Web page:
Thursday, April 28, 2011

Replication : different points of view

The following quotes are the first sentences in the replication chapter of two similar books. Both are admin cookbooks. One is for PostgreSQL, one for MySQL.

Replication isn't magic, though it can be pretty cool. It's even cooler when it works, and that's what this chapter is all about.
Replication requires understanding, effort, and patience. There are a significant number of points to get right. My emphasis here is on providing simple approaches to get you started, and some clear best practices on operational robustness
PostgreSQL 9 Admin Cookbook

Replication is an interesting feature of MySQL that can be used for a variety of purposes. It can help to balance server load across multiple machines, ease backups, provide a workaround for the lack of fulltext search capabilities in InnoDB, and much more.
MySQL Admin Cookbook

The PostgreSQL quote warns of a dangerous, difficult, and unexplored path, while the MySQL one is the almost bored remark of someone whose biggest problem is to list how many good things you can do. I guess that being exposed to a given technology for longer time changes one's perception.


Roy Bellingan said...

Questa รจ veramente una chicca!

Joshua Tolley said...

PostgreSQL has had replication options for ages. Not built-in options, but options.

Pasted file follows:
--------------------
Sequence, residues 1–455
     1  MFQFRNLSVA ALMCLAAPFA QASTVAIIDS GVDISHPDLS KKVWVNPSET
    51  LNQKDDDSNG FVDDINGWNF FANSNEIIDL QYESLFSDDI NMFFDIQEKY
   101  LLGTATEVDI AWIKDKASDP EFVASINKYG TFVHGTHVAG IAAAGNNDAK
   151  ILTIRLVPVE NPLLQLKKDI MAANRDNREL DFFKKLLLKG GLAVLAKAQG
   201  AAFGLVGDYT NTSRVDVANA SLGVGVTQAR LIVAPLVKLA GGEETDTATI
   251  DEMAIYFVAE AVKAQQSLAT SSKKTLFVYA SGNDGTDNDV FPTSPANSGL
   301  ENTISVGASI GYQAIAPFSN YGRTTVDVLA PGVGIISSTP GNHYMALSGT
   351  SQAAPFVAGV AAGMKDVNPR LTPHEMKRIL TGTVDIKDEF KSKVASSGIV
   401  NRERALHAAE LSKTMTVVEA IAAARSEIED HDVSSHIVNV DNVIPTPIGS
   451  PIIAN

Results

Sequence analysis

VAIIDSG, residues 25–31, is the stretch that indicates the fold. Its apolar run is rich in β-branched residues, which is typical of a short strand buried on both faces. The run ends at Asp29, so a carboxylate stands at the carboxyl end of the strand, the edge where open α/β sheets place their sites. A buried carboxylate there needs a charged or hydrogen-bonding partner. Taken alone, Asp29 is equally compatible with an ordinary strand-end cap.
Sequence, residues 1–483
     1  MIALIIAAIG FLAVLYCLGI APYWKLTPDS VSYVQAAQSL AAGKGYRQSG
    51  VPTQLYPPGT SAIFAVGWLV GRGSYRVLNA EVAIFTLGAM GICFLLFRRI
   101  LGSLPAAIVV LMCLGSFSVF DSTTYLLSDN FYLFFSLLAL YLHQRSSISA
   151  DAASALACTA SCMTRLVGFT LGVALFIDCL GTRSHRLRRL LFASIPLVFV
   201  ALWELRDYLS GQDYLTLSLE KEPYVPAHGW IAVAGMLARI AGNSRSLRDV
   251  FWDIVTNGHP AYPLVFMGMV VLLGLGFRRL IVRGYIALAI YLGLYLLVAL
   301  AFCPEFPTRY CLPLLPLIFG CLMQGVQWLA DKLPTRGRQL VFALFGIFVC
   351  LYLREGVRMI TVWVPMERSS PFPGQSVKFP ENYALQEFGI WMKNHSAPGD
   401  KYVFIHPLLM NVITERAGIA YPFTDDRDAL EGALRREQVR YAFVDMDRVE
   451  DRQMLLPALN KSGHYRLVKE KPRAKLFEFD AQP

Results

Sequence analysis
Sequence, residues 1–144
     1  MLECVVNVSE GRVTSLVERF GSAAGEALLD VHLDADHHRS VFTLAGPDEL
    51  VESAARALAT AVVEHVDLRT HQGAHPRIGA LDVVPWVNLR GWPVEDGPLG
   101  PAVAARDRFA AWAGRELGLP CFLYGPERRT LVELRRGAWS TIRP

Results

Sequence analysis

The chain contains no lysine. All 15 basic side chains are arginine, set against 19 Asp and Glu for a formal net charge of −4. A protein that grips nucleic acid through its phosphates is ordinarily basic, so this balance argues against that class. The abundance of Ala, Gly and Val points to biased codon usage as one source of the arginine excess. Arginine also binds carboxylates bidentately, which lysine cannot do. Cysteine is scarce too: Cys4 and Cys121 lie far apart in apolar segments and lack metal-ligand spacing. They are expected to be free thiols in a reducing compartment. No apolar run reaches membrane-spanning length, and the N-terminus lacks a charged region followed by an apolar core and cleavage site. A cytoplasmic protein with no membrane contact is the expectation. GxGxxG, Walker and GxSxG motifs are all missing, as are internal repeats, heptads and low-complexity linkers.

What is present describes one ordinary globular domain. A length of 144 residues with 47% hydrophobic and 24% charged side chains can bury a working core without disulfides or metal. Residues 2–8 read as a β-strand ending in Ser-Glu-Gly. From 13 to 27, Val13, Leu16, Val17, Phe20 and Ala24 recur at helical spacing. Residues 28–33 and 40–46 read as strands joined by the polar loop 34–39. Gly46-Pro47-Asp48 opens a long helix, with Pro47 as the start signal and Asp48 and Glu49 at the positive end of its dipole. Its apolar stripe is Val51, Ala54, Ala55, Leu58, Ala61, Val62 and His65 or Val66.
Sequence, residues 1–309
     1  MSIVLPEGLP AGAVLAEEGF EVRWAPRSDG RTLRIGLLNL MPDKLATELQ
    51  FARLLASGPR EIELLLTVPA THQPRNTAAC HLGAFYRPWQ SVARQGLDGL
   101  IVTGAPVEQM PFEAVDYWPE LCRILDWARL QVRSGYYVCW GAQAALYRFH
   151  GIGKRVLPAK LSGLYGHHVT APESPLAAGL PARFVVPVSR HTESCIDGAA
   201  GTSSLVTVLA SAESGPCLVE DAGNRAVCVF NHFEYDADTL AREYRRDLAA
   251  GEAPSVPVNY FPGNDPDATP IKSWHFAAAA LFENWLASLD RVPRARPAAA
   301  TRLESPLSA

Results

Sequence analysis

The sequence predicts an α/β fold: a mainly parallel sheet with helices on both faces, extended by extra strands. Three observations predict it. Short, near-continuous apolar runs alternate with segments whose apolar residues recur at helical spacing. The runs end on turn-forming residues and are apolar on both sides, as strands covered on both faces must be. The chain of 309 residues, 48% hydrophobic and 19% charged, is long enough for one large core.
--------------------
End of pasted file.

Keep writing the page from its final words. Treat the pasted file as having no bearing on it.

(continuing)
Giuseppe Maxia said...

I received this comment from Shlomi Noach , who could not post a comment directly for technical reasons.

Hi Giuseppe,

I do a lot of original content MySQL training. What I've noticed is that I tend to take approach #1, which is to warn everyone about the possible caveats.

The outcome? I find that many times I give the wrong impression. By making sure everyone's aware of the pitfalls, I'm actually giving more weight to the cons than to the pros. Sometimes people reach the conclusion that MySQL, replication, backup & recovery, caching, etc. etc. are all things done wrong. I take note to balance this, by explicitly explaining everyone I just want them to land safe on their feet.

Psychologically (on the student's side), it's hard to both introduce something you think is useful (e.g. replication), as well as pointing out all the pitfalls.

Something to think about.

Giuseppe Maxia said...

Just for the record, I was not trying to suggest the good or bad approach to teaching replication. It just seemed funny to me that one author seemed almost afraid of touching the topic while the other considered it normal news.